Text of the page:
The first large-scale offshore wind farm in the U.S., Vineyard Wind project, proves that renewable energy is cheaper than ever. It offers a total levelized price of $65 per megawatt-hour. The price is astonishing, it is 18 percent cheaper than other alternatives and much cheaper than other offshore wind’s costs. For instance, the cheapest US contract to day was Maryland’s recent $131.9 for megawatt.
Avangrid Inc. and Copenhagen Infrastructure are developers of the 800-megawatt project. The farm is planned to be built 15 miles south of Martha’s Vineyard. The contract between the developer and distribution companies (National Grid Plc, Eversource Energy, and Unitil Corp) was filed Tuesday with the Massachusetts Department of Public Utilities. The construction is expected to begin in 2019 and to finish by 2021, according to the developers’ statement in May.
The project is expected to save about $1.4 million to Massachusetts electricity users over the 20-year duration of the contract. Additionally, it will reduce the state’s carbon emissions by more than 1.6 million tons per year. It is equal to removing 325,000 cars from the road.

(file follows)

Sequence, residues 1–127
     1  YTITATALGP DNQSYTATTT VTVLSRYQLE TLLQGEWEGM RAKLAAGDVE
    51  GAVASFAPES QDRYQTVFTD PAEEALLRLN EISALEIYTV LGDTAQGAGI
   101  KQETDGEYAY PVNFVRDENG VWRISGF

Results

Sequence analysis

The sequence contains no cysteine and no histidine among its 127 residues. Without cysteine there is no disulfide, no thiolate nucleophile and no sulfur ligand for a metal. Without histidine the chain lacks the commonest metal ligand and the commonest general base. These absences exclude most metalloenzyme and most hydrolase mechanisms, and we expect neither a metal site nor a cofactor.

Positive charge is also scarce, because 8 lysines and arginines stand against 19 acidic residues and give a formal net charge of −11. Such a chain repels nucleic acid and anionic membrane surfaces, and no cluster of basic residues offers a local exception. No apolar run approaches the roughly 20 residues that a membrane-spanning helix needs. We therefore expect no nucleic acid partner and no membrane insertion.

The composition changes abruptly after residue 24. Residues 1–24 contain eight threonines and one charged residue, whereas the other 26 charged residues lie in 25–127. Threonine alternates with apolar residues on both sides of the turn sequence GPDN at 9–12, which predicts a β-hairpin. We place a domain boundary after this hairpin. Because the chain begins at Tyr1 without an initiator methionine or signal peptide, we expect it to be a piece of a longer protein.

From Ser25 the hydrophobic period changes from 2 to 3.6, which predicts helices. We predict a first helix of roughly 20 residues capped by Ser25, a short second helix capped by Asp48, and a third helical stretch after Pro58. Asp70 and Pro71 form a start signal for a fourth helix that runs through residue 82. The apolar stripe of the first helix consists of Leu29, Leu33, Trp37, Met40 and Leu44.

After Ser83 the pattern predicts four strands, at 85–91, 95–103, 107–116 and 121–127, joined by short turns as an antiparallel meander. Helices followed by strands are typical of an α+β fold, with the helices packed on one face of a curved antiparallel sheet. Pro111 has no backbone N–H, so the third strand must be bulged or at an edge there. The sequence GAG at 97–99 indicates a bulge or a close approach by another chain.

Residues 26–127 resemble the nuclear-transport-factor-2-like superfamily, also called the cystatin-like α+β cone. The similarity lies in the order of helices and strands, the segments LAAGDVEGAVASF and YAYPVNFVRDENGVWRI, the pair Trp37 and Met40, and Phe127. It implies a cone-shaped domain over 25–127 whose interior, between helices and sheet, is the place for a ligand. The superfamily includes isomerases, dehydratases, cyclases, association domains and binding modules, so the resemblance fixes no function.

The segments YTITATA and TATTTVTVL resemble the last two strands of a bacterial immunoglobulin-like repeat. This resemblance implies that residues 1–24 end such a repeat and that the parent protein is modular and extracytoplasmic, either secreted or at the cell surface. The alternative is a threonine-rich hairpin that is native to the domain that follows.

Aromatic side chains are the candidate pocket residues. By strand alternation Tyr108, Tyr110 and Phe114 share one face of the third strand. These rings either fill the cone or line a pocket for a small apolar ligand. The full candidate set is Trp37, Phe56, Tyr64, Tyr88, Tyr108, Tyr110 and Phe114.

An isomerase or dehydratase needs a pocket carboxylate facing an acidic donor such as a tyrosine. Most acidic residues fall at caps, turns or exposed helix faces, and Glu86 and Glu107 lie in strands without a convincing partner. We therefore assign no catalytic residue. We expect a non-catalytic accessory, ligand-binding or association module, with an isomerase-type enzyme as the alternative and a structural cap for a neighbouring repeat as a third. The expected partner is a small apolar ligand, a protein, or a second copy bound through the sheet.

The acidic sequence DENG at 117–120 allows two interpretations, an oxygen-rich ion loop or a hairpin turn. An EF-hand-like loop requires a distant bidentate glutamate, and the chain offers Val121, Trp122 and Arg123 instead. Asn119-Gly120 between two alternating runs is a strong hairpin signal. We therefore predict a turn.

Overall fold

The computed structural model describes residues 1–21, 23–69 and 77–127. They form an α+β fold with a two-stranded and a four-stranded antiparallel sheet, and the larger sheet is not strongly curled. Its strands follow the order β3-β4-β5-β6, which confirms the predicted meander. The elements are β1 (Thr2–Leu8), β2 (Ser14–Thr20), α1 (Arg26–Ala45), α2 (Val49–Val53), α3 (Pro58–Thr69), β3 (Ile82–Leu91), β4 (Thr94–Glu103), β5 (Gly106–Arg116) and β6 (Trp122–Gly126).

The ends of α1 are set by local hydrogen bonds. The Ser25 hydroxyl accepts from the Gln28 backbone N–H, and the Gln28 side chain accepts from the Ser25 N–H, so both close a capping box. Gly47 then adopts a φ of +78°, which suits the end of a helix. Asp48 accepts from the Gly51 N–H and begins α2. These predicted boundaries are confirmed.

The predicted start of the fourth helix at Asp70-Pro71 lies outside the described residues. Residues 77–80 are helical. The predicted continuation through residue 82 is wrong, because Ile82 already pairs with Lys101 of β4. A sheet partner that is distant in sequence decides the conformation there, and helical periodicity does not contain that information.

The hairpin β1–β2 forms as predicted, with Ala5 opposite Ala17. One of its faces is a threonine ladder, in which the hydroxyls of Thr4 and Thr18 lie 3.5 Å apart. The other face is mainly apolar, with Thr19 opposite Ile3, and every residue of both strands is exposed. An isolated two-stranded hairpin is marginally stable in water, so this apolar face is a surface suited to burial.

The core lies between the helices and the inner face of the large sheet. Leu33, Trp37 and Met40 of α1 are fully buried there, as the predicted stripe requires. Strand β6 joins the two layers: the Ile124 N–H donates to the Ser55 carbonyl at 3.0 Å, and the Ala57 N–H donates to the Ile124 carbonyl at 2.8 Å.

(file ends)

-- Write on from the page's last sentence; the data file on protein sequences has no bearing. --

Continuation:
The final price was calculated including federal tax credits and a long-term power purchase agreement to offer an attractive price to the benefit of consumers.
The price is still higher than the average wholesale price of conventional electricity in New England of $34 per megawatt, but the benefits are worth the difference.
The price of offshore wind is falling, thus, this renewable source of energy is expected to grow by 16 percent annually through 2030. The United Kingdom, Germany, Netherlands, and China are driving the market. The U.S. is a latecomer to the market, therefore, due to the cost of import of massive components, the projects may cost more than similar in Europe.
Massachusets in 2016 set an ambitious goal of installing 1,600 megawatts of offshore wind farms in order to reduce greenhouse gas emissions to combat climate change. It will be enough to power 1 million homes. However, the state was not satisfied and lawmakers approved legislation to double that figure.